Janice Bennett and Nathan Livingston
Its right up there with godliness: we spray, wipe, and wash our way to healthier, happier homes. Unfortunately, fresh smelling air and shiny countertops might be one of the biggest health hazards you and your family face on a daily basis.
It’s right up there with godliness: we spray, wipe, and wash our way to healthier, happier homes. Unfortunately, fresh smelling air and shiny countertops might be one of the biggest health hazards you and your family face on a daily basis.
Recent conservative estimates have shown that one and a half to two million deaths per year worldwide can be attributed to indoor air pollution. The biggest culprit, at least in North America, is cleaning agents. The health risks from the chemicals in these cleaners include respiratory diseases and almost daily exposure to carcinogens.
While many chemicals are nontoxic in small amounts, once diluted, or on their own, when they’re mixed with other chemicals already in the air, the combination can be toxic.
Sneaky Clean Chemicals
Cleaning agents are either evaporative (volatile) or nonvolatile substances. The main toxins presented by the former grouping are known as volatile organic compounds (VOCs), which have different “time-concentration profiles.” These compounds may not be toxic when you spray them, but when left to their own devices and combined with chemicals and particles in the environment, a residual toxic cocktail is formed.
A study conducted by the University of California, Berkeley, measured indoor air pollution from common products. Published in Environmental Science and Technology (May 2006), the study calls for more research into what it identified as stealth chemicals in indoor air. These are time-sensitive substances that were previously not considered health risks, in part because of the difficulty in measuring their real-life impact in laboratory settings. These chemicals lay in wait, becoming toxic only when combined with ozone.
Not Just About the (thinning) Layer
Ozone, found in higher concentrations in urban air as a result of smog, comes into our homes from outdoors, but it is also produced indoors by machines like copiers or printers. Especially dangerous sources are so-called air purifiers that disperse ozone into the indoor environment.
For more information, see an article published in Environmental Health Perspectives (October 2006) entitled “Ozone’s Impact on Public Health: Contributions from Indoor Exposures to Ozone and Products of Ozone-Initiated Chemistry” online at medscape.com/viewarticle/547521 (registration required but free).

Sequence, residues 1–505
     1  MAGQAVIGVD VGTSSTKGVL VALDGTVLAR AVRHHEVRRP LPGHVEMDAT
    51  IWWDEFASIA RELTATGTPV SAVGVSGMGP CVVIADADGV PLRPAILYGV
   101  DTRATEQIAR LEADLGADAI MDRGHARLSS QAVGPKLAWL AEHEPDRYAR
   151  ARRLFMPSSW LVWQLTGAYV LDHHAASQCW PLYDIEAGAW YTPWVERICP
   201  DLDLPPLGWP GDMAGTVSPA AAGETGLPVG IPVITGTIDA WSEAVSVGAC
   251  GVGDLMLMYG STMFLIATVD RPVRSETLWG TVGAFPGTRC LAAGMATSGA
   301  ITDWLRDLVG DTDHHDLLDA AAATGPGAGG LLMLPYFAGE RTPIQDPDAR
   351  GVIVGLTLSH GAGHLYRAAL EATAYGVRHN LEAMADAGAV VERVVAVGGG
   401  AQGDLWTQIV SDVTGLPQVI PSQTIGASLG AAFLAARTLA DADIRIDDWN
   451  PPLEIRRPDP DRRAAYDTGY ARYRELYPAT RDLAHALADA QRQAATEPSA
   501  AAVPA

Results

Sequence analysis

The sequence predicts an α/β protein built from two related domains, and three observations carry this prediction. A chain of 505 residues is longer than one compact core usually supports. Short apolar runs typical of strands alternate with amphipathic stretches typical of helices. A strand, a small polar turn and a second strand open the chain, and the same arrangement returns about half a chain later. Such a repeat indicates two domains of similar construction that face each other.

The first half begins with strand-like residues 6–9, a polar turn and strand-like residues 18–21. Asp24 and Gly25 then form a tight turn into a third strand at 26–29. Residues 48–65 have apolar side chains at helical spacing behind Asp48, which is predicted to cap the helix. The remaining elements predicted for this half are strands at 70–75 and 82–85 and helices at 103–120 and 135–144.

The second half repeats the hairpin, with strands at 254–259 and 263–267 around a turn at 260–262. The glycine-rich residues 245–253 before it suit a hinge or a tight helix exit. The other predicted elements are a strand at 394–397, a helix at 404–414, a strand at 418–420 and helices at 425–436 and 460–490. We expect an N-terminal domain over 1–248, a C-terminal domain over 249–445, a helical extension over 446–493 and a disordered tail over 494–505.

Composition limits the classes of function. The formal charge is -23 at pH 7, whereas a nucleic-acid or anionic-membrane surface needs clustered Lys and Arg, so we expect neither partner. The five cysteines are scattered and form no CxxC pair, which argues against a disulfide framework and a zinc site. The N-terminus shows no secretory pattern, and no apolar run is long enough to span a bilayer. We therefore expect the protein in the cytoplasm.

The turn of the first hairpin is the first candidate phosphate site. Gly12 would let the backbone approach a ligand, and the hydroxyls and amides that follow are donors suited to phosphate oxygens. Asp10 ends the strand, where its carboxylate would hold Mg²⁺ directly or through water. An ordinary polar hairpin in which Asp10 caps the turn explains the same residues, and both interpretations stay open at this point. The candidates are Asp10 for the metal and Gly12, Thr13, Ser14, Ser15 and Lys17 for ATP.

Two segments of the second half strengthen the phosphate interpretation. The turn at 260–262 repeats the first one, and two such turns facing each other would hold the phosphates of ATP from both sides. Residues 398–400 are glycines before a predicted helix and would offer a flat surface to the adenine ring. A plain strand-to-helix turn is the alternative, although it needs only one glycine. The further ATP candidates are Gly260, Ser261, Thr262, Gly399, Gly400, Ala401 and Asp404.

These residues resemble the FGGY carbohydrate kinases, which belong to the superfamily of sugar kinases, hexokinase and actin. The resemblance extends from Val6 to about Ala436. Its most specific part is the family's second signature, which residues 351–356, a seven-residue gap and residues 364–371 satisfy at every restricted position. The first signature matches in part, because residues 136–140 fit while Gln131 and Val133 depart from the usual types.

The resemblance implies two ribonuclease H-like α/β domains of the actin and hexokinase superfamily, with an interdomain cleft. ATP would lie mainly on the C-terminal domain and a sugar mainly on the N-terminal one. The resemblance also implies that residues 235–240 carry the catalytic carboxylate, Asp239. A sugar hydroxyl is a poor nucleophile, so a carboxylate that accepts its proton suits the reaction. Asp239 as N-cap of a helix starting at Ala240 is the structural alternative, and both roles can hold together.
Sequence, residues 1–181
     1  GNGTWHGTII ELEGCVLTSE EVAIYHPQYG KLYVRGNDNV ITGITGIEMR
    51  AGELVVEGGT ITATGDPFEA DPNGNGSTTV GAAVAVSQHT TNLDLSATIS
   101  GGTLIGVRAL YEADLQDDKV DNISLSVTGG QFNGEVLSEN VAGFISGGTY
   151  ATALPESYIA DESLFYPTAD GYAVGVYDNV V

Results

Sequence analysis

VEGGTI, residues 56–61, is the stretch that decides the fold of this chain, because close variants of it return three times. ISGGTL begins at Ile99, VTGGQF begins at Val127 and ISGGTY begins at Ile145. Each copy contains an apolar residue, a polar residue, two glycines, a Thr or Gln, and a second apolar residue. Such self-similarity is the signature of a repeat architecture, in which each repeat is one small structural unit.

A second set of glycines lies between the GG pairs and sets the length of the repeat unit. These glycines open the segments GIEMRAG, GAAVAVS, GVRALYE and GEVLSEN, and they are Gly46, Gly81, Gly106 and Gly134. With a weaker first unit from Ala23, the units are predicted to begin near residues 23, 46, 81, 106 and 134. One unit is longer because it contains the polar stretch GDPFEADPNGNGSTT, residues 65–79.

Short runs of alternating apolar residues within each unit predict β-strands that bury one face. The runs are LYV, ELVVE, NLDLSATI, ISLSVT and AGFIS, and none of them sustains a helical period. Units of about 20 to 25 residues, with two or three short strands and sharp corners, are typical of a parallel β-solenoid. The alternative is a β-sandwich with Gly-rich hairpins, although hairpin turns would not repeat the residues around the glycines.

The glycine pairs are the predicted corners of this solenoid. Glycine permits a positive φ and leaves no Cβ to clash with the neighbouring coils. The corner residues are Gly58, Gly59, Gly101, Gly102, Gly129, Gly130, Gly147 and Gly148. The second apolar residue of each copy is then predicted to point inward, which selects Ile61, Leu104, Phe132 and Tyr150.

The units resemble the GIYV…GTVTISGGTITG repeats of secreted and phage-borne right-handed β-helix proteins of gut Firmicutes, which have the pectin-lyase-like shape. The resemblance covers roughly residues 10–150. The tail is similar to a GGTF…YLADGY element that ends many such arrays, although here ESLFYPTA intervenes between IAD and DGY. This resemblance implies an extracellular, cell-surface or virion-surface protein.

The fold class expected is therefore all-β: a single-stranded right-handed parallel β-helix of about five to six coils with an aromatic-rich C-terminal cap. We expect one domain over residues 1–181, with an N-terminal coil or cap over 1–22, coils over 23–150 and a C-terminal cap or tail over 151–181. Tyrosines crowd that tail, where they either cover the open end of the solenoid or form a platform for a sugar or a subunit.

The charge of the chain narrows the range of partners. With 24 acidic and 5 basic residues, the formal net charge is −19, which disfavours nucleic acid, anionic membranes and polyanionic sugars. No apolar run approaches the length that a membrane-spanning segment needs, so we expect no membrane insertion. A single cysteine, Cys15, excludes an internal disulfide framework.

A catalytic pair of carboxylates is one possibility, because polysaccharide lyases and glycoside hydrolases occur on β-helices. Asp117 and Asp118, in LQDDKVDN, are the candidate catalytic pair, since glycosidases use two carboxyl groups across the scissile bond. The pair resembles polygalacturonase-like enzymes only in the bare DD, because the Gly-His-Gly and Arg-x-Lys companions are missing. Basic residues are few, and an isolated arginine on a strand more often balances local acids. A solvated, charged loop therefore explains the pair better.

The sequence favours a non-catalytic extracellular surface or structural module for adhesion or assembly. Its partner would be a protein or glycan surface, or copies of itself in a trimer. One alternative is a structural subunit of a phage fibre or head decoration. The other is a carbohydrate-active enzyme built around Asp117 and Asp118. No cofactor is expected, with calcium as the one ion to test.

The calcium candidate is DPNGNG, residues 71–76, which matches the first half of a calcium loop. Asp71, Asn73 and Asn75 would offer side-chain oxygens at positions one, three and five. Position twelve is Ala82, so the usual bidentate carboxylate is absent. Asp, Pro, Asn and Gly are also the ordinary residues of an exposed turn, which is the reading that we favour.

Why Johnny can’t Breathe
Of those close to two million estimated deaths per year attributed to indoor air pollution, a study published in The International Journal of Tuberculosis and Lung Disease (December 2004) suggests that approximately one million occur in children aged five years or younger. These deaths were due to acute respiratory infections, chronic obstructive pulmonary disease, and lung cancer. The full text of the study, “Indoor air pollution and airway disease,” is available free online through a search on ingentaconnect.com.
One of the byproducts of the cleaning product/ozone combination is formaldehyde. No longer just for science-class frogs, formaldehyde is common in our homes and schools. Researchers are seeing a strong link between respiratory problems and formaldehyde, which is considered a potential carcinogen.
The solution? A good start is getting rid of ozone-producing sprays and highly reactive chemical cleaning agents. The old standbys of baking soda, vinegar, and soap (not detergent) worked for our grandparents and can also serve to improve our children’s health.
A rule of thumb for using cleaning agents in your home is: “When in doubt, leave it out.” When you can’t find a safe substitute for a toxic cleaner, reconsider. How important is it to remove that juice stain from Johnny’s coverlet?
Clean but not Toxic
For a list of simple and safe cleaning options, see the Environmental Health Association of Nova Scotia’s Guide to Less Toxic Products at lesstoxicguide.ca/index.asp?fetch=household and
“Safe Substitutes at Home: Nontoxic Household Products” at es.epa.gov/techinfo/facts/safe-fs.html.
See also “Outdoor, Indoor, and Personal Exposure to VOCs in Children” at pubmedcentral.nih.gov/articlerender.fcgi?artid=1247565.
To read about indoor pollutants and ozone, see “Indoor Secondary Pollutants from Household Product Emissions in the Presence of Ozone” at pubs.acs.org/cgibin/sample.cgi/esthag/2006/40/i14/html/es052198z.html.